Thursday, December 13, 2012

Christmas for a Card-Carrying Buddhist


There is something pure about rain falling in the desert. It reaches deep inside me to calm and delight my inner child. That is the first thing—a welcome change in weather—that comes to mind when someone mentions Christmas. It is a season where I spend more time indoors, munching popcorn, enjoying feel-good movies I’ve seen dozens of times, cuddling on the couch with a weighty novel while listening to the legato of life-giving rain on the roof.

Christmas for me is reflection, taking stock, appreciating where my journey has brought me and, most importantly, who I share this journey with. It is a time to gather with family and friends (who are also family) and relish a meal, a cup of cheer, the bond of love.

Being a practicing Buddhist, I don’t celebrate the birth of Christ any more than I commemorate the birth of any other person. My husband and I don’t decorate a tree or string colorful lights across the roof. We don’t buy gifts for each other or others. The only tradition we observe is sending out greeting cards, as a way to stay in touch with loved ones.

For Christians, this season is a time to rejoice in their faith. We Buddhists try to do that each day of the year.

Lastly, Christmas is the time of the year drawing to a close, which makes me reflect on what the next year will bring for everyone sharing this planet.  There are worldwide challenges, which brings opportunities everywhere to get involved and make a difference. So for me, it is a time of looking forward with much hope for humanity.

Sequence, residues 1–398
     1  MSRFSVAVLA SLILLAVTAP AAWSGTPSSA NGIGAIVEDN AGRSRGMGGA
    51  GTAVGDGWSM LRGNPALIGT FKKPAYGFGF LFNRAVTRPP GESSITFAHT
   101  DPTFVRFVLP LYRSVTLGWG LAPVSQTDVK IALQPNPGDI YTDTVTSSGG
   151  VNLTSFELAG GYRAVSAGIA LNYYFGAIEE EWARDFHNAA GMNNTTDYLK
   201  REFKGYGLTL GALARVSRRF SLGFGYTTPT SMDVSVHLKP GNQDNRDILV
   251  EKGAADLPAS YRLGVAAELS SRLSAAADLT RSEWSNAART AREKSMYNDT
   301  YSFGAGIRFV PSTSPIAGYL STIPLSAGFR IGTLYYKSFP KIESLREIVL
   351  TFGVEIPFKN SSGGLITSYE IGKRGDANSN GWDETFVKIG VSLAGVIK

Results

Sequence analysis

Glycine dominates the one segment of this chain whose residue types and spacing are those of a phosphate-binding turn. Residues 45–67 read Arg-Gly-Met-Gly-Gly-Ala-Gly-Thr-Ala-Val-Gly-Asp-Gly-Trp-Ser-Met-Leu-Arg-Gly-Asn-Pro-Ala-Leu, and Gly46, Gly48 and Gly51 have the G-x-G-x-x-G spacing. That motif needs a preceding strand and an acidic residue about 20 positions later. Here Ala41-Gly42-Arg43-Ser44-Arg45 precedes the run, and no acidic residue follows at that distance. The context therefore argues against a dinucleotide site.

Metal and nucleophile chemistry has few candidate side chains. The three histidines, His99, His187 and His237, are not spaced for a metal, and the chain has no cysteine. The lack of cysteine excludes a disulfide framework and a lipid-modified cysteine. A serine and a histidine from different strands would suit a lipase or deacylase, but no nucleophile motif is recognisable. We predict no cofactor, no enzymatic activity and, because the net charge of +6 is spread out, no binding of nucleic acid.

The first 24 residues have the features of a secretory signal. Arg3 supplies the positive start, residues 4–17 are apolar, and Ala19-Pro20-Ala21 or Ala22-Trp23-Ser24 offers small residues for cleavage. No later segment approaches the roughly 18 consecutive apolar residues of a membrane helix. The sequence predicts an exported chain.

May your holiday season surpass your most cherished expectations. 

2 comments:

Lloyd Meeker said...

Thanks for the thoughtful post, Alan, and your new year wishes.

In my year, it's the Winter Solstice that closes one cycle and opens another. As that milestone approaches, I've been called to give respectful thanks for what wants to pass away as much as for what wants to be born.

May your coming year be full of graceful passages, both coming and going, both equally filled with beauty and blessing.


Kage Alan said...

I very much like your idea of reflection during the holiday. Christmas was always a time of magic for me when I was growing up. Then, as with what happens, you see behind the curtain and start to help with making it magic for others who haven't seen the people pulling the levers.

December has become a time of endings and renewals, at least in my eyes. I simply do my best these days to help keep a festive spirit alive for those who would enjoy it and those who need it.

Happy Holidays to you and Herman!